About me


Jack Holloway the Gardener

Over a 30 year period my father and I created these gardens. But the time came for me to move on and they are now the pride of a new family, who bought Sequoia Gardens in November 2016. In due course a link to their new blog will be posted on this site. For now it is the story of my involvement only.

Sequoia Gardens is a beautiful forestry farm in the North of South Africa, near the Tropic of Capricorn; it lies above Magoebaskloof between Polokwane and Tzaneen and 150km from the Kruger Park. Its elevation (1450m) means that it is relatively cool, and its setting in the mountains means that by South African standards rain is extremely plentiful. The result is a temperate softness which is not typical of Africa at all – yet within 10km you can find true African scenery as well! The garden part of the farm covers about 6 hectares (15 acres), much of it lightly cultivated woodland, some intimate and formal.

Jack of all trades, that’s me… teacher, gardener,marketer, wannabe author/journalist: I returned to teaching for 12 years, teaching mainly English at a local private school. I am a professional gardener as well, having over the years developed my passion into some sort of career – I call myself Jack Holloway the Gardener when I wear that hat. As from July 2015 I returned to full time teaching at a private school in Polokwane, 60 km away, and I now live in that city.

Also check out http://www.mooseyscountrygarden.com – a wonderful gardening site where I have contributed to the forums for years.


9 thoughts on “About me

    • Hi there, Avis!
      One of the joys of the internet is that one has gardening friends with inverse seasons in the opposite hemisphere. It seems more than our seasons are inverse: a balcony vs 25 acres! When I still had an apartment in Johannesburg, I gardened on a balcony-like terrace; I sometimes wish I had less to tend now, so that I could tend it with more care, but I don’t think I’s swop my garden for anything!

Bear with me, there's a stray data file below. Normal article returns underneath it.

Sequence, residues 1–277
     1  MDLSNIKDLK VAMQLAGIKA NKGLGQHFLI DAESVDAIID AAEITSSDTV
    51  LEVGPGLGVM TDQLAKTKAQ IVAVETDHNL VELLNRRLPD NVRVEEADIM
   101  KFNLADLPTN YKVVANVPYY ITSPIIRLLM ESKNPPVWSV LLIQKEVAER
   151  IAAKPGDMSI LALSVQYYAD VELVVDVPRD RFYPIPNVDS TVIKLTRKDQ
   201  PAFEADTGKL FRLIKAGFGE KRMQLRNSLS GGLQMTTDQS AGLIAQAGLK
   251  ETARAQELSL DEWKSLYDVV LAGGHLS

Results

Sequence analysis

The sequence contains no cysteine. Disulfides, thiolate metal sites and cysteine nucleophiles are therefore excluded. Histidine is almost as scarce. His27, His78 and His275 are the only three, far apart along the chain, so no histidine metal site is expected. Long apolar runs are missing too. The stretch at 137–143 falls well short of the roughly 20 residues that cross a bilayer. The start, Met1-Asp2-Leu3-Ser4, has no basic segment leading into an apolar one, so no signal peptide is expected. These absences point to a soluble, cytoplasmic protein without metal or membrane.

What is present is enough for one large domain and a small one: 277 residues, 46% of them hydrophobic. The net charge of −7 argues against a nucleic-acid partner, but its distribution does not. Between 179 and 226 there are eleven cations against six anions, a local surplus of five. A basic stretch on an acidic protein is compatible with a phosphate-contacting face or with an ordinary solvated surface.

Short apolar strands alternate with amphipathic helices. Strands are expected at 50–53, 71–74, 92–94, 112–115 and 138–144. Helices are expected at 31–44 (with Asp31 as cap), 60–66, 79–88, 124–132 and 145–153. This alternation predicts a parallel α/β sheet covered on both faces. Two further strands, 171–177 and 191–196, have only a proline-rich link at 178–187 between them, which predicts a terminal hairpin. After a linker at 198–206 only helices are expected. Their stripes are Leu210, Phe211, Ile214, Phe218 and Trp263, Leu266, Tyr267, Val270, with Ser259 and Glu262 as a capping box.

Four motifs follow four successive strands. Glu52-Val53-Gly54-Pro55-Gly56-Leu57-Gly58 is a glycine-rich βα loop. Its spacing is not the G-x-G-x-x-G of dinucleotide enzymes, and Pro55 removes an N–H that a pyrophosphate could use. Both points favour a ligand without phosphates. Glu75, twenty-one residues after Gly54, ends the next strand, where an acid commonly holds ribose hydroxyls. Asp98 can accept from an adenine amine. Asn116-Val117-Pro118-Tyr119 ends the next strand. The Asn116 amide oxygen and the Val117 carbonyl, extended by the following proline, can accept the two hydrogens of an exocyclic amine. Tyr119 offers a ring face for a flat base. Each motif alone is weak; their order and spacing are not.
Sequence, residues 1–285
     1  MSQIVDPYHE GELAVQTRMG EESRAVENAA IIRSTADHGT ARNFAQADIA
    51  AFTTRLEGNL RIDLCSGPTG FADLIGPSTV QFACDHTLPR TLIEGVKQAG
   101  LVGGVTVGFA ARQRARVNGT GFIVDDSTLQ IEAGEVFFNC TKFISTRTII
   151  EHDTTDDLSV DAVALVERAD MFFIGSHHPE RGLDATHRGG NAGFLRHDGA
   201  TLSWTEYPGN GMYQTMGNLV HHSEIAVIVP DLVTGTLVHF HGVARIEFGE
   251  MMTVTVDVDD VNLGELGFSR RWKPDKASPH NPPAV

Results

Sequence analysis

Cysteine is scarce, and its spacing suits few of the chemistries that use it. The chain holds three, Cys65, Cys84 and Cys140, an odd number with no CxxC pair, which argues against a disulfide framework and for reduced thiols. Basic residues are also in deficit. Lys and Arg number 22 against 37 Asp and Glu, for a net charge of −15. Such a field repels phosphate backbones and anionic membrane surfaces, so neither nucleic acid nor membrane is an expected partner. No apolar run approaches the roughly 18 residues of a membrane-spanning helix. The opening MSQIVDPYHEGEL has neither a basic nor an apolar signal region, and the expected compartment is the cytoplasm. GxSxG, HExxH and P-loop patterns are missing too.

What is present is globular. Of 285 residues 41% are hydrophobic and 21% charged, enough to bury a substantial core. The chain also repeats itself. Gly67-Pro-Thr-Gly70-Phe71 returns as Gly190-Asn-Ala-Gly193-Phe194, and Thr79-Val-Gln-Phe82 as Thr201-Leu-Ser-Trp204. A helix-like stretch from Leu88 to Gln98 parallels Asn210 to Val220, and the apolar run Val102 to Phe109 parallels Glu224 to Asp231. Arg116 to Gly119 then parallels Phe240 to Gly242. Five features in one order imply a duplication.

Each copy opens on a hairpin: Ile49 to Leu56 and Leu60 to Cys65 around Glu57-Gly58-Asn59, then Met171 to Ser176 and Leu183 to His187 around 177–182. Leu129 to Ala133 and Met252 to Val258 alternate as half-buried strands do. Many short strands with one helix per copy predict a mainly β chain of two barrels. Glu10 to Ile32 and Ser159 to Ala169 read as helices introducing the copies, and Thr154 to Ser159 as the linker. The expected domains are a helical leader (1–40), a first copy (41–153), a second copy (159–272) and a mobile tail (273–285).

1. What a joy it was to visit the Sequoia Gardens Blog! Apart from being a passionate and talented gardener, you are also a photographer of note! The gardens are MAGNIFICENT and through this, I was also able to make contact and find out what happened to you after all these years! It is clear that you have been very busy!!

  2. Jack, I have gone back and read all your posts. Have you thought of posting an architectural “blueprint” of your garden. When I am reading books like Roy Strongs “The Laskett”, or David Hicks “My Kind of Garden”, I am always referring back to the page with the garden layout. It so helps me visualize the garden. I got that idea from My English Country Garden, and I am in the process of trying it on my blog. Love your garden, oh, I so wish for more space.

    • Hi Deborah, and thanks for the suggestion. A map is on the agenda, and has been for years. Having my own blog has pushed it much higher up on the agenda though! The size of my garden makes it quite a job, and I’ve already decided TWO maps at least – one for the more formal parts, and one for the whole area. As it is so much work, I want to do it properly the first time round… My English Country Garden was in fact the inspiration to start my own blog after years of just thinking of it, and is still one of my favourites… and the map was central to my seeing the advantages of a blog’s structure!

  3. So happy to have discovered this blog today. I, too, love Clive Nichols’ work. I am a garden and botanical photographer as well– based in Connecticut, USA. Speaking of winter gardens, I have a feature out now in the current Garden Design Magazine which showcases the spectacular winter garden of Gerard Pampalone in Fairfield, CT. You can view this and more garden work on my website at stacybassphotography.com and through this link:http://www.photoshelter.com/c/stacybass/gallery/Winter-Garden/G0000OujQyxnsW98/

    • Thank you so much for visiting Stacy! I have contacted you via email and am loving exploring your site!

  4. Hiya Jack,

    SO hope you will get around to this garden plan. I have been wanting to do this for years, and don’t how to tackle it. Is there any software one can use?
    Can’t see myself draw little trees and shrubs.
    Like Deborah above, I also go to the plan in gardenbooks first if there is one.
    I am going to have a little rummage through your archives: don’t mind me. I promise not to break anything 🙂

  5. Hi Joco! You go ahead and take a walk around! I’ve tried some of the design software. It’s a bit like going for a swim in a spacesuit. I guess if you’ve got really sophisticared stuff AND know how to use it, it is different! But I spoke to a friend with a 4-year degree in landscape architecture. He still draws by hand after 13 years in practice. That says a lot to me.

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